The one that started a renaissance. After the artistically disappointing animated films of the 1970s, the following decade was providing little hope for the future of the animation department of Walt Disney Pictures. While films like The Fox and the Hound and The Great Mouse Detective had proven relative success stories at the box office, they lacked the true Disney magic of decades past. After the colossal failure of The Black Cauldron in 1985, Disney's animators lived in constant fear CEO Michael Eisner was looking for any excuse to swing...

The one that paved the way for Disney's revival. With the release of The Black Cauldron out of the way and production close to wrapping on The Great Mouse Detective, Disney CEO Michael Eisner and head of Walt Disney Pictures Jeffrey Katzenberg were ready to finally oversee their first animated productions. While Eisner was still flirting with the idea of shutting the costly animation department down, newly-appointed Vice President of Animation Peter Schneider promised bigger and better things were to come. In a bid to uncover that next big thing,...

The one that sparked a revolution. As newly-minted Disney President, Ron Miller began his reign in 1980, many hoped a member of the Disney family (Miller was Walt's son-in-law) could leader the studio back to its former glory. Just four years later, Miller would be unceremoniously booted out of the top job, as covered in my piece on The Black Cauldron. But in the midst of the chaos surrounding the production that pending disaster, Miller would also greenlight another animated project which would prove to a gamechanger. In the mid-1970s,...

The one that almost killed Disney animation. As the 1980s began, Walt Disney Pictures (yes, we've seen a name change) entered the decade under new leadership. For the first time since the death of Roy O. Disney, the studio was controlled by a member of the Disney family, with Walt Disney's son-in-law Ron Miller taking the reins as President. After working closely with his father-in-law prior to his death in 1966, Miller had spent the last two decades producing numerous Disney films including Freaky Friday, Escape to Witch Mountain,...

The one that challenged the idea of friendship. By the late 1970s, the animation department of Walt Disney Productions had saved itself from foreclosure, particularly after the stunning success of The Rescuers. While a new crop of animators were proving the next generation may just be the answer to a much-needed revolution, the remaining members of Walt's "Nine Old Men" were providing supervision on their final film. And the changing of the guard would prove to be more tumultuous than first expected. Way back in May 1967, Disney had acquired...

Since bursting onto the small screen in 2003 with the criminally underrated Nip/Tuck, writer/director/producer Ryan Murphy has been a dominant force in Tinsel Town, creating some of the best and worst (Scream Queens, anyone?) television shows of the last 17 years. With a penchant for crafting stories centred on minority groups the industry so often ignores, Murphy has blazed a fervent trail to shake up a town still set in the ways of eras gone by. In perhaps his boldest offering to date, Murphy and co-creator Ian Brennan formulate...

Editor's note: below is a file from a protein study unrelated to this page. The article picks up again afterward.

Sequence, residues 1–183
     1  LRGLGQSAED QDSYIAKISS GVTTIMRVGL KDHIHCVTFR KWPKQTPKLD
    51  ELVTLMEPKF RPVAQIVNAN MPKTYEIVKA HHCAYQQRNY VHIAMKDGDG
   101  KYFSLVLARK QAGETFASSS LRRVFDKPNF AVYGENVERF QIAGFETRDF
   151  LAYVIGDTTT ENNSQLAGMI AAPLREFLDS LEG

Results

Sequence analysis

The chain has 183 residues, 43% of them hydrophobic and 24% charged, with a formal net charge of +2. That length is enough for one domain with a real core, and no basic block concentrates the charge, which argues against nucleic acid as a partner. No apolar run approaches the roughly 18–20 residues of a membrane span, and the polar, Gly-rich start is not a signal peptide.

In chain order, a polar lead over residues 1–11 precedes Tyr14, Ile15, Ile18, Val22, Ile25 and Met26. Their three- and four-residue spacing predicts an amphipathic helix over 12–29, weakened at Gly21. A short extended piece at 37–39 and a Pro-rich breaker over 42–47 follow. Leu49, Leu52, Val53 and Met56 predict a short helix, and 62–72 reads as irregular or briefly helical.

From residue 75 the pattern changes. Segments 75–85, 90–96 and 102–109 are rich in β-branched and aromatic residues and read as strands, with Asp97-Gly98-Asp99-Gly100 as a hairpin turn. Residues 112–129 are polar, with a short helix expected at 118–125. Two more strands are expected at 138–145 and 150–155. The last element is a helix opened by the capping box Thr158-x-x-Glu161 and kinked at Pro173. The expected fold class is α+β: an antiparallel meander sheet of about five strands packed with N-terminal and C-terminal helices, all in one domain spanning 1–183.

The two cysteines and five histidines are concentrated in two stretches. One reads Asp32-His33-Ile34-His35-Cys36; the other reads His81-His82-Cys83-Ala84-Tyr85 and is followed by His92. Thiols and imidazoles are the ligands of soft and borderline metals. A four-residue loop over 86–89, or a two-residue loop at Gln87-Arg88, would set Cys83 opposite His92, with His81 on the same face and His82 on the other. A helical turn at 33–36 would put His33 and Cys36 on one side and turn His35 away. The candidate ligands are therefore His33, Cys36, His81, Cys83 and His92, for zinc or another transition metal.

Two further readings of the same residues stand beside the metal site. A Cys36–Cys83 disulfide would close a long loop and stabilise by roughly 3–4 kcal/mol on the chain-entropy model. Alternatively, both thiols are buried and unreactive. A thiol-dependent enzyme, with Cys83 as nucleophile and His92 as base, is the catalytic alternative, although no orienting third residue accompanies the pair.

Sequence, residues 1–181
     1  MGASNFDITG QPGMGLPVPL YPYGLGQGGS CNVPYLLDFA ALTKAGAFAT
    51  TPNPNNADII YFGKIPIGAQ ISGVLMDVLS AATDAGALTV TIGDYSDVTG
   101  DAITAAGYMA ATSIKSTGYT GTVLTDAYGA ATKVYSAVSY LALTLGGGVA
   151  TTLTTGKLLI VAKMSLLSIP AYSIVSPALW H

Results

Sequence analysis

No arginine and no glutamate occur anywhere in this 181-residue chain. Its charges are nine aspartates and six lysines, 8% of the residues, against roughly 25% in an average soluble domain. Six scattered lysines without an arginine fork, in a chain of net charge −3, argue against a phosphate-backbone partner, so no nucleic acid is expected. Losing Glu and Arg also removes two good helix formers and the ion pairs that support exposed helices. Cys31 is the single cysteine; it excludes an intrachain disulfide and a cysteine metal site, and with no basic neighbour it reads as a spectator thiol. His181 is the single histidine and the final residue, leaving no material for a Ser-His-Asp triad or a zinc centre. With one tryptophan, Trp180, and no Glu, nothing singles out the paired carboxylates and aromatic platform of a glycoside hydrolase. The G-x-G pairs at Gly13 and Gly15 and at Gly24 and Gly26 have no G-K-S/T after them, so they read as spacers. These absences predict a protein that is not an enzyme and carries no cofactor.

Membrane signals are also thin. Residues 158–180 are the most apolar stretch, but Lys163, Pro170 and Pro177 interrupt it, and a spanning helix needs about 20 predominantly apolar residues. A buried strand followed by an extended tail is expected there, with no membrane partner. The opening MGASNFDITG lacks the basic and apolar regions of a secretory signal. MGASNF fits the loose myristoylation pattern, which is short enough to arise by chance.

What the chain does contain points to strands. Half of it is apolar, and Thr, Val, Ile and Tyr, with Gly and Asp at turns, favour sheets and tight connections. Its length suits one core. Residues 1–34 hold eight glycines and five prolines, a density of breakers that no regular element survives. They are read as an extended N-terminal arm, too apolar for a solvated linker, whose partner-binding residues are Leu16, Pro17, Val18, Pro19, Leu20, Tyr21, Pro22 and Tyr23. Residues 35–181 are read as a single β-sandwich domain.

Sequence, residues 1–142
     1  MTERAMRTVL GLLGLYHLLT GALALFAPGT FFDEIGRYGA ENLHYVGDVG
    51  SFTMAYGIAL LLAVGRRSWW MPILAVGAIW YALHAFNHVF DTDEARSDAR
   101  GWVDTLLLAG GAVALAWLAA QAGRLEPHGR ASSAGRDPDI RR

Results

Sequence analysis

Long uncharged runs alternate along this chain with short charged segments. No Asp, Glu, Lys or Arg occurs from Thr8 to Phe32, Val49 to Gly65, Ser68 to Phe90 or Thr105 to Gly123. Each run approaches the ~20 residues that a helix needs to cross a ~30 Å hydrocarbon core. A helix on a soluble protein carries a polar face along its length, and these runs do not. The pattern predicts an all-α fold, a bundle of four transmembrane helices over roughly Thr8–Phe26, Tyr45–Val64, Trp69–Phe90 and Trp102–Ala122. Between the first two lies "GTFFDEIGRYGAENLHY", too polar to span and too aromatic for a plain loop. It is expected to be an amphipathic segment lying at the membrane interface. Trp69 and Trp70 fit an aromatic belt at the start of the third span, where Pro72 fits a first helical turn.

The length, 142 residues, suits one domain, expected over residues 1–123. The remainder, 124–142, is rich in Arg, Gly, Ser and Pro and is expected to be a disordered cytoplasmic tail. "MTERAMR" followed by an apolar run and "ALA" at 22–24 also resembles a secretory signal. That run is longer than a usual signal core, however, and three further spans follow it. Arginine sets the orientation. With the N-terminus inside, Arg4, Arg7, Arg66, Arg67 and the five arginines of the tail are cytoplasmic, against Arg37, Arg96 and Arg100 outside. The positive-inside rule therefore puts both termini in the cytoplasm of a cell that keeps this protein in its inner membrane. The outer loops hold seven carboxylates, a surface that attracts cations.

The one that became an unexpected smash. The 1970s were a period of great change within the walls of Walt Disney Productions. After the upheaval of losing both Walt and Roy Disney in the space of five years, the studio seemed to be moving further and further away from crafting great works of animation artistry. Instead, the new regime of executives were steadfastly determined to produce animated feature films as inexpensively as possible and appeal purely to children by way of simplistic narratives and slapstick humour. It didn't help Walt's...

The one that crowned a new Disney icon. In his 65 years on this earth, Walt Disney had numerous credits and achievements to his name. The creator of Mickey Mouse. The visionary behind the birth of feature-length animated films. The winner of 22 Academy Awards from 59 nominations, making him the most awarded and nominated individual in Oscars history. The mastermind behind Disneyland. And that's just a taste of Walt's incredible four-decade career. But there was something which meant more to Walt than anything in his illustrious career; his...

The one that recycled the past. After taking the reins from his late brother, Walt, following his death in 1966, the 1970s began with Roy O. Disney promising to steady the ship and honour the legacy the Disney studio had established over the last five decades. On October 1, 1971, Roy achieved his brother's grand dream of a new Disney theme park in Florida, with Walt Disney World opening to the public. Sadly, less than three months later, Roy would suffer a massive stroke and die from a subsequent...

The one that started a new era. The death of Walt Disney in 1966 left an indelible void at Walt Disney Productions. After Walt kept his lung cancer diagnosis a secret from those outside his immediate family, there were few in the studio who were fully prepared for life without their visionary leader. Many of Disney's animators had worked side-by-side with Walt for several decades, leaning heavily on his guidance and direction to inspire their work. Without Walt, many were genuinely questioning if Disney could even continue to craft...